Employment Defamation Lawsuits
Ideally, every employment relationship would end cordially and professionally, with both sides wishing one another well. Unfortunately, that is not how things always work in the real world. Employees can be fired for personal reasons, employers can take an employee’s resignation personally, and any number of other confounding factors can make the parting anything but congenial. When a former employer succumbs to that personal grudge and spreads lies about a former employee, the employee may have grounds to sue for defamation. Read on to learn about employment defamation lawsuits and how they work in California.
What is an Employment Defamation Claim?
Defamation is a legal term that applies when one person or party makes an intentionally false statement about another person, and that statement causes the second person harm. When the statement is spoken out loud, it’s known as slander; when the statement is written, it’s known as libel.
Employment defamation is a civil claim for defamation arising out of an employment relationship. Employment defamation claims often arise after the employment relationship ends and the employer spreads falsehoods about the employee. For example, let’s say a former employee is interviewing for a new job and the potential new company calls the old employer for a reference. The old employer makes up a malicious lie about the former employee, which causes the worker to lose out on their new job opportunity. The former employee might then have a defamation claim against their former employer. If the malicious statement was made over the phone, the victim employee’s claim would be slander; if the malicious statement was sent in writing via email or traditional mail (or published in a newspaper or online), the claim would be libel.
How to Prove Defamation
To bring a valid claim for employment defamation, the plaintiff must be able to demonstrate that specific elements of the claim are met. For a defamation claim in California, the victim employee must be able to show:
- There was a false statement of fact. To serve as grounds for a defamation claim, the defendant must have made a false statement of fact. That means that the statement must have been one of fact, that can be proven true or false (e.g., “He stole money from the company.”), as opposed to a statement of opinion (e.g., “He’s a jerk and I never liked him.”). The plaintiff must also show, naturally, that the statement was false. You can’t prove defamation if the statement was true.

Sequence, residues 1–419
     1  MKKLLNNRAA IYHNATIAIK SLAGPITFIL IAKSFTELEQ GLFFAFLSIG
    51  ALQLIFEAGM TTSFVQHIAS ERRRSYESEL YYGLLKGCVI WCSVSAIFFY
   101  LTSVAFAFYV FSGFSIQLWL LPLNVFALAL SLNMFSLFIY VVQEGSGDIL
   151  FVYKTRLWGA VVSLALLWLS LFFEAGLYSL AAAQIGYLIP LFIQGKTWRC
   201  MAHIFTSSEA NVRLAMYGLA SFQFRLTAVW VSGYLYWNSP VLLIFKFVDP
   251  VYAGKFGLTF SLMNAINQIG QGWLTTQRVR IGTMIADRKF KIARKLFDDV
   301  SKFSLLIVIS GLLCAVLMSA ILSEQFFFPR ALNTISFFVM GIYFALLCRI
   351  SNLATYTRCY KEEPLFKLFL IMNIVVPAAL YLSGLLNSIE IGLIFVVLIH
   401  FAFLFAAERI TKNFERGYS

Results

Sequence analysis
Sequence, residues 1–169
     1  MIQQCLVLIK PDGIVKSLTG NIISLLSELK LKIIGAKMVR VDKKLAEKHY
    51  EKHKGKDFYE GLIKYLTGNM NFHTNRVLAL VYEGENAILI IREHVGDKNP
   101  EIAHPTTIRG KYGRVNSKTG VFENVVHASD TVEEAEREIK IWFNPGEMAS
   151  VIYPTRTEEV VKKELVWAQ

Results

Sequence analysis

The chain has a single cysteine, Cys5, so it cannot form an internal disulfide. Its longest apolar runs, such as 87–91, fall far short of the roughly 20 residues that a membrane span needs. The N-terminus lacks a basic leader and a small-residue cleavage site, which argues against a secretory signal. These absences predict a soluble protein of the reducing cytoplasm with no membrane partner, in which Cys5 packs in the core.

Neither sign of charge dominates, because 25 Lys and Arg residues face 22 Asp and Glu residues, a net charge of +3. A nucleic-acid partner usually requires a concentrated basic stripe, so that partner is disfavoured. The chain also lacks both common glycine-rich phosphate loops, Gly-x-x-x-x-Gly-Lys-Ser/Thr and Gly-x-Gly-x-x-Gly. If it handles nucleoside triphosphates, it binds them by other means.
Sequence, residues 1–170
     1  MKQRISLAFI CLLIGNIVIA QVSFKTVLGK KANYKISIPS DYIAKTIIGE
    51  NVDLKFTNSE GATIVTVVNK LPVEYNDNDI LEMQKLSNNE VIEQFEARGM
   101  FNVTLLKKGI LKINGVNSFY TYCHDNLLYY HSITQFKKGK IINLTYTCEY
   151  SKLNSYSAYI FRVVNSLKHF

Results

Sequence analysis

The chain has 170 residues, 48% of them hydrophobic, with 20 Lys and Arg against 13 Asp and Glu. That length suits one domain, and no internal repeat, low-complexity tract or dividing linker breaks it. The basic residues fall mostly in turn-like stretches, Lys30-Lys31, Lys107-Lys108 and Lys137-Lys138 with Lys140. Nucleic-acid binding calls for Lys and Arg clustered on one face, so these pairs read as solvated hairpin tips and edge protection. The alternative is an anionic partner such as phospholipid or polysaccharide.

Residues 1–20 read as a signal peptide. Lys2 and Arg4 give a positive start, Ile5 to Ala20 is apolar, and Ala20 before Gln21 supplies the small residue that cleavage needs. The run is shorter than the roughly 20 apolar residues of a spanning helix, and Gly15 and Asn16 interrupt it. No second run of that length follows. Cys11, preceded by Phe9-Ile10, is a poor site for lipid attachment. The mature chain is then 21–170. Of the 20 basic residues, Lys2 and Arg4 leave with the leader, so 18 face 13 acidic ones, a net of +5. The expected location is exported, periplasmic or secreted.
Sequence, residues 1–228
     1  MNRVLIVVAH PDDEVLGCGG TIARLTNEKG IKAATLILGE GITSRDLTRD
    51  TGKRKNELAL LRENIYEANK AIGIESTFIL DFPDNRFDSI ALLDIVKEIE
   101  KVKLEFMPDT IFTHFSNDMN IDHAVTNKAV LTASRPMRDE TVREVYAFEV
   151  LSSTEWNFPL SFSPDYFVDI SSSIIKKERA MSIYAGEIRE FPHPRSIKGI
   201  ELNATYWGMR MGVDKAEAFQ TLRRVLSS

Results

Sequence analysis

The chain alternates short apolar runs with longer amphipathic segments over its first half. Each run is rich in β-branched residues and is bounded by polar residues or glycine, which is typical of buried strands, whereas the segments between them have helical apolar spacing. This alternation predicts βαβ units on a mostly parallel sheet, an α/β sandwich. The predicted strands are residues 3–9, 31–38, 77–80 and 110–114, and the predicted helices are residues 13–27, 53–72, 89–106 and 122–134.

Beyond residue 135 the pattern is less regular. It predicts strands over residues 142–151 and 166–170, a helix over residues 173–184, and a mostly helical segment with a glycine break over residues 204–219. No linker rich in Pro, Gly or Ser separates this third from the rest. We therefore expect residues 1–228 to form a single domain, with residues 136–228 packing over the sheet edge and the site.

- The statement was “published.” A statement is not defamation if the only person who heard or read it was the aggrieved employee. Someone else must have heard or seen the statement and been affected by it.
- Damage to the employee’s reputation. The false statement must have damaged the employee’s reputation or occupation. California law includes slightly different requirements for slander and libel, but they generally boil down to showing that the statements harmed the employee’s personal or professional reputation. Statements that courts agree amount to defamation include false accusations of criminal conduct, accusing someone of being incompetent, or accusing someone of being dishonest or lacking integrity.
There are a number of defenses available to the defendant employer. The employer may be able to counter that the statement was true, that it was a matter of opinion, that it was not told to anyone other than the employee, that it did not actually injure the employee (for example, if the audience of the statement simply didn’t believe it and disregarded it), or that the employee consented to the false statement being published.
What Remedies Are Available in an Employment Defamation Case?
A successful plaintiff could have a few remedies available to them, including forcing the former employer to retract the statement. They may also be eligible for damages well in excess of the actual harm caused by the statement, including punitive damages for especially egregious conduct.
If you are an employee with wage & hour or other employee rights concerns in Orange, Riverside, San Bernardino, Los Angeles, or San Diego counties, or if you are a California employer dealing with employee rights allegations, employee contract disputes, or other employment law issues, contact the dedicated and professional California employment law attorneys at Coast Employment Law at 714-551-9930 for a free consultation.